Nearly a third of Israel’s children live below the poverty line — report

Nearly a third of Israel’s children live below the poverty line — report

Among Arab and ultra-Orthodox communities, nearly two-thirds are considered poor, says National Council for the Child; Rivlin calls figures ‘very worrying’

Illustrative: Israeli schoolchildren, August 27, 2013. (Yossi Zamir/Flash90/File)
Illustrative: Israeli schoolchildren, August 27, 2013. (Yossi Zamir/Flash90/File)

Some 30 percent of the country’s children live below the poverty line, according to a report published Tuesday by the Israel National Council for the Child.

In its annual review, presented to President Reuven Rivlin, the council said that 880,230 children were living under the poverty line in 2018.

Welfare services were involved with the circumstances of 400,000 children — 14% of the total 2,934,000 children in the country in 2018, representing an increase of 37% since 2000.

One in every five Jewish children was found to be living under the poverty line during 2018, said the council, an independent children’s rights group.

In the ultra-Orthodox community, 60.4% were considered to live in poverty, an increase of 5% over the previous year. Among Arab children, 57.8% were in poverty, a drop of 3% compared to 2017.

Larger families were more likely to sink below the poverty line, the report found, such that nearly half the families of four or more children were not making ends meet. For families with five children that figure jumped to two-thirds. A quarter of single-parent families were also under the poverty line.

During 2018 there were 50,000 new reports filed for children requiring social workers’ attention. Of those, 31% were due to reasons of neglect and physical abuse accounted for another 25%. Twelve percent of the new cases were due to sexual abuse. In 71% of the cases the children were harmed by the person responsible for the family.

The number of criminal files opened due to sex offenses against minors was 2,544 in 2018, compared to 2,001 in 2011, an increase of 27%.

Children living in families that immigrated to the country since 1990 accounted for 16% of those registered with welfare services.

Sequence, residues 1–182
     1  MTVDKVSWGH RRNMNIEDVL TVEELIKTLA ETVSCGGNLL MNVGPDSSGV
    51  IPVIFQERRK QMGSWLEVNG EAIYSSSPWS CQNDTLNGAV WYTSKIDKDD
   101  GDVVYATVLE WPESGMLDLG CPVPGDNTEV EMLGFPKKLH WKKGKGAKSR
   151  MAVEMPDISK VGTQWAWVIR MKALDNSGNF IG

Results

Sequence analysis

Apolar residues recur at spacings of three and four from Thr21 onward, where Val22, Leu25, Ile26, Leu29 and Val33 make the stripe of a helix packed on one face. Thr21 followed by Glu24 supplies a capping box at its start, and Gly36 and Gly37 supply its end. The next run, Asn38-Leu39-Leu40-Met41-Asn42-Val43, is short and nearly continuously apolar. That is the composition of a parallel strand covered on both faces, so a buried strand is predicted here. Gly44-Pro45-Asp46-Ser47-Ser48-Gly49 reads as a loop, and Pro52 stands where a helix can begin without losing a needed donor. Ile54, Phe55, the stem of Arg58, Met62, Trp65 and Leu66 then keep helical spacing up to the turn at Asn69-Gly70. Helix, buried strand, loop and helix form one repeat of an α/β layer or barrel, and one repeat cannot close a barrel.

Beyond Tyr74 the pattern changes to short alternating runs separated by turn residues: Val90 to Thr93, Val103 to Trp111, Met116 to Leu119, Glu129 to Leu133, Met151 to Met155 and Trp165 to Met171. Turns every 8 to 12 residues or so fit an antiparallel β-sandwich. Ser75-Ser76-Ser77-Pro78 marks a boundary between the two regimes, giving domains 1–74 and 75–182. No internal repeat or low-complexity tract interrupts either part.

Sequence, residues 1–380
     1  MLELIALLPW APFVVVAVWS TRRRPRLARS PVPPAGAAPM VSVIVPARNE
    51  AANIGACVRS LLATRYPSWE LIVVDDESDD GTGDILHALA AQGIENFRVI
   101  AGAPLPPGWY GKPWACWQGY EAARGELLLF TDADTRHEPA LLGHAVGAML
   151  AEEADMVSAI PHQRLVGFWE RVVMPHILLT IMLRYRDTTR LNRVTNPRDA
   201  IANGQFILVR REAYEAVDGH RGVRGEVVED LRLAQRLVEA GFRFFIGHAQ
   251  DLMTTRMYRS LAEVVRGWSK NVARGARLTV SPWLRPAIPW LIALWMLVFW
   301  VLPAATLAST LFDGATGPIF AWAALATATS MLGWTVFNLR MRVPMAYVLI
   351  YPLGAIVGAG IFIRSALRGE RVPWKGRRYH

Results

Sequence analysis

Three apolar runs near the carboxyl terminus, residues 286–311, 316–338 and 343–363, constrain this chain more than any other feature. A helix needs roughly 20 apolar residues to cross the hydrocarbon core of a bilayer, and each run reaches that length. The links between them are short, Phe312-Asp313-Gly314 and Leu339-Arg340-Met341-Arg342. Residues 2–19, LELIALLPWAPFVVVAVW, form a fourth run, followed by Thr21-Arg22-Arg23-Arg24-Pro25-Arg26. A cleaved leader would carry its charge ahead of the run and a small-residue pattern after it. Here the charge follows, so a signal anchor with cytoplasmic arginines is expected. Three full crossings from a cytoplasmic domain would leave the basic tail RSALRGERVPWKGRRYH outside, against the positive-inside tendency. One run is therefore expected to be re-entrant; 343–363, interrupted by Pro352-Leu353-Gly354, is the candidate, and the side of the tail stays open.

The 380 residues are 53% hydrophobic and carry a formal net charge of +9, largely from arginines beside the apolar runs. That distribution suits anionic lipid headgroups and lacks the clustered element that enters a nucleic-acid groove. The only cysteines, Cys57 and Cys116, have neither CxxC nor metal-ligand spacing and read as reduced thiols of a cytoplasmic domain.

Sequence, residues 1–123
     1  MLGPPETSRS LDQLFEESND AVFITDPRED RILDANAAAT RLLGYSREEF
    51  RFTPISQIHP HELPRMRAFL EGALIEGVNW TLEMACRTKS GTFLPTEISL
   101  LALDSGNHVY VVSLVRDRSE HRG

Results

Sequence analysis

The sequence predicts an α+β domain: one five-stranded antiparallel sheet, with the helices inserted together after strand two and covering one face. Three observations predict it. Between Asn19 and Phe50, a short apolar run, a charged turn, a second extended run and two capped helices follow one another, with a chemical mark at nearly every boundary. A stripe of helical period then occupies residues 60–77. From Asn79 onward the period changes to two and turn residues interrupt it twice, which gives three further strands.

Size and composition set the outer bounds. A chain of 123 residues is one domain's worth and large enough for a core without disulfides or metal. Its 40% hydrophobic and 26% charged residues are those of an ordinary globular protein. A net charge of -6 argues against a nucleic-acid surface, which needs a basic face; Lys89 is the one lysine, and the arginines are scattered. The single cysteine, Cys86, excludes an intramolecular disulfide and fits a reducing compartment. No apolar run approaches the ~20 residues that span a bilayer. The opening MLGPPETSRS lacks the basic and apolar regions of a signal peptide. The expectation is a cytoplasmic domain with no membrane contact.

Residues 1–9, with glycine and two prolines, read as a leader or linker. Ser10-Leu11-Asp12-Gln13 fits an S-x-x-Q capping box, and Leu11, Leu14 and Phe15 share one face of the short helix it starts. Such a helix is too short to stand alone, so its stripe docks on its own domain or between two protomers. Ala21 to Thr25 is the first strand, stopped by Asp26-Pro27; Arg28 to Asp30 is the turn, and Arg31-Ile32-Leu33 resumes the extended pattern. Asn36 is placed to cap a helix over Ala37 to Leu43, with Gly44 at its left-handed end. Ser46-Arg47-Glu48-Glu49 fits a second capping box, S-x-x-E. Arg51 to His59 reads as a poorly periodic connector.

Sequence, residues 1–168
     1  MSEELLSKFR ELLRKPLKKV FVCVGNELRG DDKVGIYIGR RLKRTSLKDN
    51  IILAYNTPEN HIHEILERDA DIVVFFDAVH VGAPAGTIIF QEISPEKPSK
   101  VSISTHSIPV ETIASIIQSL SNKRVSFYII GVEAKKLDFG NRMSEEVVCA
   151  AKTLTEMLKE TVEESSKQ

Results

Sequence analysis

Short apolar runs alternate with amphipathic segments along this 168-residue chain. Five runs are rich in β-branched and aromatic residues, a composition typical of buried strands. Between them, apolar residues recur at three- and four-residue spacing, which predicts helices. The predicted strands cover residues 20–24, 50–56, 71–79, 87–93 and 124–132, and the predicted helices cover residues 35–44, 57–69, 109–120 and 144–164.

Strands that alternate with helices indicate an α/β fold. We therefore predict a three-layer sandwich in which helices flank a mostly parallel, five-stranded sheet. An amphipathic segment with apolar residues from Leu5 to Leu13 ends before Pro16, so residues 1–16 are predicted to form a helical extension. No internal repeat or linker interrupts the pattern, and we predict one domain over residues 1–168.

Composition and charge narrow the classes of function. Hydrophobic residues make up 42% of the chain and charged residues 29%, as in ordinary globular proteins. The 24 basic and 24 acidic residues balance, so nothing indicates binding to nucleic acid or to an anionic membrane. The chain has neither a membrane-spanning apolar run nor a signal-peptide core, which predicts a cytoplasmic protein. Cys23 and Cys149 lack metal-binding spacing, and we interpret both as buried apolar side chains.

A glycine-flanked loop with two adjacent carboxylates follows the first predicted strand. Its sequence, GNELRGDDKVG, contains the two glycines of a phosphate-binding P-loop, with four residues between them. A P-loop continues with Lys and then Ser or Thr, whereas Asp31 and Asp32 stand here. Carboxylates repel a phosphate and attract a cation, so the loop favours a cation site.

Over the past nearly two decades violence against children has increased, with 3,825 injured during 2018, nearly twice the figure for 2000.

In other details, the report found that half of the country’s children receive their first smartphone by the time they are 10-12 years old. Some 43% of parents admitted that they don’t limit screen time for their children.

However, there were some improvements recorded in other areas. During the period 2010-2018 there was slight drop in reports of children in grades 5-9 who said they were involved in violent incidents, the council reported. Among elementary school pupils there was a reduction from 17% to 9% and among middle-schoolers there was a decrease from 11% to 8%.

President Reuven Rivlin at a conference in Tel Aviv on December 2, 2019. (Tomer Neuberg/Flash90)

Rivlin said that despite improvements in some areas, there was serious cause for concern.

“The figures show that in some indicators there is an improvement, but also show that we have a lot of work to do,” the president said.

“The proportion of children subject to injury is increasing,” he said. “We were told of high percentages of poverty among children. These are very worrying figures.”

Vered Windman, CEO of the council, called on political leaders to bring an end to a political deadlock that has prevented the establishment of a permanent government for nearly a year.

“The government failure of the last year only deepens the hardships, the gaps, and the great lacking that the figures published today point to,” Windman said. “There must be a dramatic change. The parties, all of which are again facing public scrutiny, must commit to the voters and to the children in particular that they will fight for them in the coming Knesset.”

The INCC figures matched those of an annual report released by the National Insurance Institute in December that found 469,400 families consisting of 1.8 million people were designated as under the poverty line in 2018. Some 841,000 of those people were children.

The data, which did not include East Jerusalem, showed poverty rates had risen from 19.4 percent in 2017 to 20.4% the following year. Meanwhile child poverty climbed by two percentage points, from 27.1% to 29.1%. Poverty among the elderly also increased, from 17.2% to 18.8%.

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